What I think should be on your book shelf.

Recently a Professor asked me what 5 fiction books someone new to Information Assurance should read to get a feel for the Cybersecurity industry.

That got me thinking. What should someone in Cybersecurity have on their books shelf?

Time Management for System Administrators – Tom Limoncelli

This book teaches time management tricks and techniques to System Admins. However don’t hold that against the book. Published in 2005, this is the number one book I recommend anyone in any IT related field reads. While it’s a little dated in some of the technology, the methods Mr. Limoncelli teaches are worth it. It is probably the number one book I recommend to everyone.

While there are other books out there that people like, like Get Things Done, or home brewed systems, this is the one I found that resonated with me. It’s more than just managing your time at work, it covers how to manage your work life balance. Sometimes people ask me how I do as much as I do. This book is secret.

It’s Not All About Me: The Top  Ten Techniques for Building Quick Rapport with Anyone – Robin Dreeke

One thing I’ve seen again, and again, in our industry. People lack social skills. We get along fine amongst ourselves, but dealing with non-technical people we get a little short. Mr. Dreeke isn’t a technical person. He’s a counter terrorism expert for the FBI. What this book is, is his top ten techniques to talk to anyone. While this book has been popular in the Social Engineering circles of our industry, it’s one of those books that everyone should be reading, just to learn how to interact. Using these techniques will leave one feeling more fulfilled, and surprised at the doors that get opened.

On Writing Well, 30th Anniversary Edition: The Classic Guide to Writing Nonfiction – William Zinsser

While some people have problems accepting it, our industry is moving away from letting our code and technical skills talking for us. Like the book above about talking, this is one of the go to books for writing. The book is designed to improve the writing skills of anyone working through it, regardless of how good a writer the person is to start with. In an industry where writing is becoming more important in our Reports and even text communication, we need to find something to step up our writing skills. I like this one.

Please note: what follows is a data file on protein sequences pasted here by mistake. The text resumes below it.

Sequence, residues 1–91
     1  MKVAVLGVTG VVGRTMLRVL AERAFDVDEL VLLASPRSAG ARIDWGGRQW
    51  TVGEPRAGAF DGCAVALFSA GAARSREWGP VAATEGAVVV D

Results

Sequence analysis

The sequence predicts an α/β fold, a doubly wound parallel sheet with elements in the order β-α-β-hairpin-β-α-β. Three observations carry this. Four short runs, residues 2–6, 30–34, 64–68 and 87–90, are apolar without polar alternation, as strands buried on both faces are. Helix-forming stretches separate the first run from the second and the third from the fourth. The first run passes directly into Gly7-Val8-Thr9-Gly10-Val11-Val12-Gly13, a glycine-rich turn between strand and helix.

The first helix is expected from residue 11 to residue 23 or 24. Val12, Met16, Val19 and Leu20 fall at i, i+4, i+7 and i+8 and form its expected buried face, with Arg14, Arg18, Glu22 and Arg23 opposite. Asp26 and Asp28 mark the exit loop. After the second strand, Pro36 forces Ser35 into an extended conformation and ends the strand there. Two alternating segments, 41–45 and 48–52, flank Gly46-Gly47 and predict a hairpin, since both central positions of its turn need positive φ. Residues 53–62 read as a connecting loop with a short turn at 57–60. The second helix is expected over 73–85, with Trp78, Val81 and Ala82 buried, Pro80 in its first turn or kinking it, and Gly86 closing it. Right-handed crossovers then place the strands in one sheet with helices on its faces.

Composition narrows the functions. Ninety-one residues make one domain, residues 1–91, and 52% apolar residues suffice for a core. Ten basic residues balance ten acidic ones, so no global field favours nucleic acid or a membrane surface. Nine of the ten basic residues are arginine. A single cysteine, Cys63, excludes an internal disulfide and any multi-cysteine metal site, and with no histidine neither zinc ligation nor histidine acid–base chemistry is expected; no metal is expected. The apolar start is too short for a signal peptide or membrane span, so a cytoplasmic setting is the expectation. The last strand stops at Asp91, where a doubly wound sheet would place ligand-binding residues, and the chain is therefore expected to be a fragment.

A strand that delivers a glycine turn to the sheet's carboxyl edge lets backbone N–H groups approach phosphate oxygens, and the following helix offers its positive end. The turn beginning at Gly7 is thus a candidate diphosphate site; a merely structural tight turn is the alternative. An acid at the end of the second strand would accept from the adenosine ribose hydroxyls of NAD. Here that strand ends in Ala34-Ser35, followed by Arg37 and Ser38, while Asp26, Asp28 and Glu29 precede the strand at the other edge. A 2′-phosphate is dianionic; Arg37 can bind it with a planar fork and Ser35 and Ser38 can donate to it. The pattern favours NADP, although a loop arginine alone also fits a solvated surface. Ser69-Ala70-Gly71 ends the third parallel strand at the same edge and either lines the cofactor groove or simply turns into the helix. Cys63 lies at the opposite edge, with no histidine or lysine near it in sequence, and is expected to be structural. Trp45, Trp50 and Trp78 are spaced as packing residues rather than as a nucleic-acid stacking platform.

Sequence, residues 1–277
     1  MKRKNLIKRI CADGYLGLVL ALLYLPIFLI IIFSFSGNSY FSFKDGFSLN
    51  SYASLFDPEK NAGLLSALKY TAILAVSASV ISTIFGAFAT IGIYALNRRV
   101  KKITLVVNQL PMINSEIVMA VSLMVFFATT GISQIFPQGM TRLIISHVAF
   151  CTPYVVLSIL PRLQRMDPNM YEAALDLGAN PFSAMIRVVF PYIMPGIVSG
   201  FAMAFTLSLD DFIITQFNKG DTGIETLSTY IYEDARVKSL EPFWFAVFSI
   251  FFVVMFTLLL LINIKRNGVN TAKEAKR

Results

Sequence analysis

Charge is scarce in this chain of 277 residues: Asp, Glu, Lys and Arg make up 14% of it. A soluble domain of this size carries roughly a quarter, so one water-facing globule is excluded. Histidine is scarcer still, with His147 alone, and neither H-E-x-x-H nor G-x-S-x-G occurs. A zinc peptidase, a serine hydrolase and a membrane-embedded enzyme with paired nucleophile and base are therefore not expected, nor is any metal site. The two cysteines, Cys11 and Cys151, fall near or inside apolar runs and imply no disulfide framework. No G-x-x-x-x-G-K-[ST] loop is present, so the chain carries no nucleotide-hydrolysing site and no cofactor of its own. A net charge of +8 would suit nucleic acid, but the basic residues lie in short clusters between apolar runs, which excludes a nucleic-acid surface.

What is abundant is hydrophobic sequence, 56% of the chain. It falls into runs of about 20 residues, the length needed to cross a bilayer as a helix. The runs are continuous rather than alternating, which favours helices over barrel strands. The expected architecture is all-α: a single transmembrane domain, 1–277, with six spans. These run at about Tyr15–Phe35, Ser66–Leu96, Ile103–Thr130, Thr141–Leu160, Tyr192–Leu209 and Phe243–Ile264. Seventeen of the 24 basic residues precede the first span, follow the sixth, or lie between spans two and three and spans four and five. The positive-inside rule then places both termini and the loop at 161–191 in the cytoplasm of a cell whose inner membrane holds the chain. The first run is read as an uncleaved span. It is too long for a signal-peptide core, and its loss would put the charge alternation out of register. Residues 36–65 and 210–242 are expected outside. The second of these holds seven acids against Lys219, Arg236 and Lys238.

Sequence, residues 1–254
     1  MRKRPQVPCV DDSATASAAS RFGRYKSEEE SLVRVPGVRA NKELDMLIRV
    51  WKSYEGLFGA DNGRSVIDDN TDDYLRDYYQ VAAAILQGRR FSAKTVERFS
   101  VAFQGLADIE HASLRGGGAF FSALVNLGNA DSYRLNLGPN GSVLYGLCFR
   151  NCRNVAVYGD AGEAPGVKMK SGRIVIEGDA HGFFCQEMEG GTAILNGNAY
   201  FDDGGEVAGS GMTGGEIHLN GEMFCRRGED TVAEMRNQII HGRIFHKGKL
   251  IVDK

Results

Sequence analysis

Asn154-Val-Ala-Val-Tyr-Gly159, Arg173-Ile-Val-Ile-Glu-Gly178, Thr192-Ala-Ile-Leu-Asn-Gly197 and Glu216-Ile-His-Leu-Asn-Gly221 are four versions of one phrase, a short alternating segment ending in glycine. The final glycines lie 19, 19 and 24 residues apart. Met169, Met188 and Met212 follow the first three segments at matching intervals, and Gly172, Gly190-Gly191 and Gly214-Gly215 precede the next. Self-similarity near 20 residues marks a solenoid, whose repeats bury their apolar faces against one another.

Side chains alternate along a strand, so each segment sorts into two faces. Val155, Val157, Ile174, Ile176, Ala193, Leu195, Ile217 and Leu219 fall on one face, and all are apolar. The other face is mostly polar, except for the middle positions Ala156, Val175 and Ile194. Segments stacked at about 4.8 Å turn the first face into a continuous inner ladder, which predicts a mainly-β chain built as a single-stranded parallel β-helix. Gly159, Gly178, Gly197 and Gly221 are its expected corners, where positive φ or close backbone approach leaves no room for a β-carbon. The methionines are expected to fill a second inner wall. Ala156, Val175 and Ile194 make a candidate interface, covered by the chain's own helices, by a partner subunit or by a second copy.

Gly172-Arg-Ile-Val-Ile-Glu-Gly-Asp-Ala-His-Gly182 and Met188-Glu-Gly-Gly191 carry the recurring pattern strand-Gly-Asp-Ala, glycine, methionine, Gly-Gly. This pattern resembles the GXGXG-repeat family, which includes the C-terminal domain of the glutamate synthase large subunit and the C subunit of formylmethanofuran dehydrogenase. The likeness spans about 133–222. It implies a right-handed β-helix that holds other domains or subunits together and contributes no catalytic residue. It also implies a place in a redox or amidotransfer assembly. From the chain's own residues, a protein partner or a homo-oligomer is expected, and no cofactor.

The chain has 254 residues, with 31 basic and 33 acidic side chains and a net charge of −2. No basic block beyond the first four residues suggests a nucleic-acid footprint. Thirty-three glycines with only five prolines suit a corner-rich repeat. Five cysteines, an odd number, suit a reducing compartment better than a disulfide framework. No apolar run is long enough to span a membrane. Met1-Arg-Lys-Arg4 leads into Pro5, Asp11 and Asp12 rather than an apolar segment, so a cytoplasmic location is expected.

The Phoenix Project: A Novel about IT, DevOps, and Helping Your Business Win – Gene Kim, Kevin Behr, and George Spafford

Reading this book, made me stop several times and try to figure out which of authors I worked with previously. Then I realized, we’re all fighting the same battle. Our biggest roadblock is ourselves. We have large egos, and see everything from a technical standpoint. There is a problem, it’s technical, or the solution is. However we lose sight of the fact, we only have our jobs because of the business side of the house. While the story in this novel follows someone tossed in to the role of VP, some of the topics covered in the book will improve anyone in IT’s relationship to the business.

Rework – Jason Fried and David Heinemeier Hansson

This book is written by the people at 37 signals. It really does give the reader a 21st century view of business, and how to be successful. My whiteboard at work has a quote from the book on it, it’s about 7 one line bits, but content from this book is over the top useful. It covers the basics of everything a Company, Department, or team would need to be successful and how.

Little Brother – Cory Doctorow 

Mr. Doctorow’s Young Adult novel about a teen and his desire to strike back at a corrupt government that became very draconian, after a bombing in his home town. While some of the things mentioned in the book don’t exist, a lot of the tech, and the descriptions of how to use it were. This book reminds the reader that it only takes one person with determination to start an army and strike back at Big Brother.

Homeland – Corry Doctorow

The follow up to Little Brother.

Snow Crash – Neal Stephenson

Classic style cyberpunk. It has everything. The VR world, the dystopian future, double crossing conspiracies, corporation owned walled cites. This book gives us an idea of using a computer program to reprogram peoples brains along with quite a few other things.

Daemon – Daniel Suarez and Freedom(TM) – Daniel Suarez

These two books are one larger story, a software developer creates an AI, and using his gaming engines recreates society in the real world. The Darknet is how those in the new society communicate and interact. It’s currency is a lot like the Bit Coin trend we see going on now, The Governments of the World and Big Business don’t like the way things are going. Really this shows a lot of Geek Culture and where it could go as things like Maker Spaces and others come on line. The technology helps form the way.

The Cuckoo’s Egg: Tracking a Spy Through the Maze of Computer Espionage – Cliff Stoll

While this one reads like a fantasy novel, it’s pretty much where Cybersecurity started. While there were other people doing similar work this one shows the things they had to go through to get it all started. Setting up a paging system to contact the admin when a user logged, so the admin wouldn’t have to sleep at the office. Creating packet capture devices using printers. Working with the Government and private industry to track a phone call to another country, and having to create “interesting” data to keep the attacker on the line long enough to perform said trace.

* Note, all the links do go to Amazon, no I don’t have an affiliate program set up. It was just convenient.

Agree, Disagree, or want to add a few you think we have, add them to the comments.